depending on your plug-ins(different plug-instake more processing) you may want to factor in a dsp card/and pcie-to-usb box. 30 tracks w/ 5 plug-inseach, is quite a bit. have you considered a rackmount cpu? they can be just about as portable as a laptop w/ the extras boxes. if you start 'instantiating' the CLA76 on every channel, your gonna run outa room. you could get a liquid mix cheap if your new cpu has a firewire.

    you definatly need a purpose built cpu. brand names, and style are up to investigation. You will not get what need in the sunday sale flyers. you need a professional level machine, because you are doing professional level productions. remember that now is a weird time to buy a computer, things have been about the same for the past few years, and the newest stuff is barely out there. it's a good time for the 1500 budget, cuz you can attain a future workable machine, and one that slams thru the current stuff. sorry i'm so general, jack is the dude like i said, when it's technical.

    i use a mac g5 at the studio (w/ dsp), and a core 2 duo at home for demos. i'm a very reluctant cpu/software updater. when i get a daw working, i hesitantly alter it. they are fine tuned machines, and even the best are quirky at least. to me anyway.

    ps. laptops are usually required to have an external hardrive, interface, and often a second screen, don't dismiss a rack-mount cpu right away. from what i've sen in the local flyers the past couple years, they are not loading up towers in the consumer range like they used to. it's all about laptops. but in the professional realm, towers still live, and have rack-mount ability, and additional real easte for connections, and internal drive, which are quite fast and reliable at this point.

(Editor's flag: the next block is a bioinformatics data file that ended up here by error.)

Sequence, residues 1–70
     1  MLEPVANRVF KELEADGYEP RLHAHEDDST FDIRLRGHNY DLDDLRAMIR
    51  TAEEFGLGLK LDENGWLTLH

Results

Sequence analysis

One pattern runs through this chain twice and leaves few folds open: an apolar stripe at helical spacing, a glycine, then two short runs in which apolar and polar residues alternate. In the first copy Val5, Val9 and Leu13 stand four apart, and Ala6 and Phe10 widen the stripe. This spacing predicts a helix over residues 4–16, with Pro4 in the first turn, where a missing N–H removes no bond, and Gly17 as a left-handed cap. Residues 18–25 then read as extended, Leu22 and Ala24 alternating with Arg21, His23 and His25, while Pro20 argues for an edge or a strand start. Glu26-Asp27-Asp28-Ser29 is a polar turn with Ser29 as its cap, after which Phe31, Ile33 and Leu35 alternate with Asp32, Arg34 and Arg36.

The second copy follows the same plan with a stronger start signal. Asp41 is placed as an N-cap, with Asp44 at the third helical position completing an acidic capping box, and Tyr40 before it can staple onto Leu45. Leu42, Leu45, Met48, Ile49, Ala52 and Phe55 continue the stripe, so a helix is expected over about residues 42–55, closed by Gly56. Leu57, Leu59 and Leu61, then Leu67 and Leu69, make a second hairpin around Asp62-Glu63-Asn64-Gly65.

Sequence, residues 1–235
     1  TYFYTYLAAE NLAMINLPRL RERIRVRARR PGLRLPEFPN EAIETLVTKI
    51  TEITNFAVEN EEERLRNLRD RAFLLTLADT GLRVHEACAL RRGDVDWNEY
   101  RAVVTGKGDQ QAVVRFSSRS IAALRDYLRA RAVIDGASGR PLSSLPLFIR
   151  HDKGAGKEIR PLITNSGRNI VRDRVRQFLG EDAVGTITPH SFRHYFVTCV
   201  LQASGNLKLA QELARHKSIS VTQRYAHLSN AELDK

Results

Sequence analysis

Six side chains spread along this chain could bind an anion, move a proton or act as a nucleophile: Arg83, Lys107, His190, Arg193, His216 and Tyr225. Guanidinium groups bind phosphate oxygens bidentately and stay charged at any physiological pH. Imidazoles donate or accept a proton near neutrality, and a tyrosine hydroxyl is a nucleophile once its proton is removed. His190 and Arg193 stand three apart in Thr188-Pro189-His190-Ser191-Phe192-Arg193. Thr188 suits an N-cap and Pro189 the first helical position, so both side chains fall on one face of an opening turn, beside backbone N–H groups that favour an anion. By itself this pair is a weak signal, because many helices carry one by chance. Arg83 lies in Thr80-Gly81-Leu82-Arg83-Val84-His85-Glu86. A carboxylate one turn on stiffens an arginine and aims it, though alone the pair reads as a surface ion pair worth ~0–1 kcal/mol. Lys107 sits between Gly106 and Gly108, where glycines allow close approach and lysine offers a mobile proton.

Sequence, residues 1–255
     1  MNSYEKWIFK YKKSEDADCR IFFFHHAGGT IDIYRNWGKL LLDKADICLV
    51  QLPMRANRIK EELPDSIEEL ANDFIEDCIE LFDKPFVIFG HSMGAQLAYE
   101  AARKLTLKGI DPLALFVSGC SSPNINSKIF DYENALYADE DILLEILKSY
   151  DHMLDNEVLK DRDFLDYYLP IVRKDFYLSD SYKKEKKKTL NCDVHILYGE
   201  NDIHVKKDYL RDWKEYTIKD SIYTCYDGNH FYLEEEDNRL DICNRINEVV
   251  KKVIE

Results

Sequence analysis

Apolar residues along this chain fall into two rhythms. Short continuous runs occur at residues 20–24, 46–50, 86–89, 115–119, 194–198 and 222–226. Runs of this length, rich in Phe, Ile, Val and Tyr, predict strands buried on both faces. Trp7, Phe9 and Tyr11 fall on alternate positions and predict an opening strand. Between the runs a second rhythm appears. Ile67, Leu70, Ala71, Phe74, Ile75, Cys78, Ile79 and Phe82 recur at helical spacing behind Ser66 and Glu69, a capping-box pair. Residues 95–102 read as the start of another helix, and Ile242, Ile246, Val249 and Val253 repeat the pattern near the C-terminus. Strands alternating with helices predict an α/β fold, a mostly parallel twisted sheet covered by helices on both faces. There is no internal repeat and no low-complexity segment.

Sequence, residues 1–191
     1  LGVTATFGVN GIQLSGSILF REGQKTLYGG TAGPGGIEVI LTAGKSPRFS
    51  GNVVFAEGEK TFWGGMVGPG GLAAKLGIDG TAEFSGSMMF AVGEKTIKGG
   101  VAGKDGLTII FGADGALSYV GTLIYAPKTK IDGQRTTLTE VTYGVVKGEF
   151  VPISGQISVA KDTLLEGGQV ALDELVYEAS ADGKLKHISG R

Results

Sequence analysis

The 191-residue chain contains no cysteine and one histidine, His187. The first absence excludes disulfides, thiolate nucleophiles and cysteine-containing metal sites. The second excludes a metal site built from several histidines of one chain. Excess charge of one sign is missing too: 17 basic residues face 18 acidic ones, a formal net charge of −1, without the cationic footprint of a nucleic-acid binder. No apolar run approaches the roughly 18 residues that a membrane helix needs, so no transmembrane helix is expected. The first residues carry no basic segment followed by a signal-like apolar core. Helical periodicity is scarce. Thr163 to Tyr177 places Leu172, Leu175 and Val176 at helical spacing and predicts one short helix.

7. DonnyThompson

    DonnyThompson Distinguished Member

    Yeah, you're gonna want some power... 30 tracks with five plugs for each track is gonna require some beef.

    And, as you mentioned, you haven't really crowded your productions with a boatload of soft synths yet, so if you are planning on expanding into these more and more, you have to figure that into your specs accordingly.

    Personally, I really like the idea of getting a computer that is custom-built by guys who understand what it is that we do. :)

    As K mentioned, this probably isn't something you'll find on Best Buy's Sunday paper flyer. And, very few of the people who work in these superstores understand DAW production, anyway.

    For the most part, audio devices and pertinent specs to them are based on things like gaming, MP3 playback, etc.

    The easy thing to do is to purchase based on what you need now.

    The harder thing to do is to look at the crystal ball and determine what you might be doing a year from now, or two years from now...

    I'm not an expert, nowhere near as knowledgeable as other cats here like Jake and Kmetal, but I can tell you from my own personal working experience, that purchasing based on current needs
    - or, even worse - on "minimum requirements", is something you want to avoid.

    If you have the financial where with all to do so, do your best to stay ahead of the curve, at least as much as you can ... ;)

  8. DjElfo

    DjElfo Active Member

    You guys are the best! I so appreciate all the input, really helps clear the path and focus on what I need.
    It is hard to spend the $1500-$1700 now, like you said, but I'm planning for the future and in the end it will save me money and hassle and I'll have a better machine and production as well.
    Now does anyone have a %50 off coupon for PCAL? :D
    Wish I could 'like' each post 40times :) This forum is bomb!
    cheers ya'll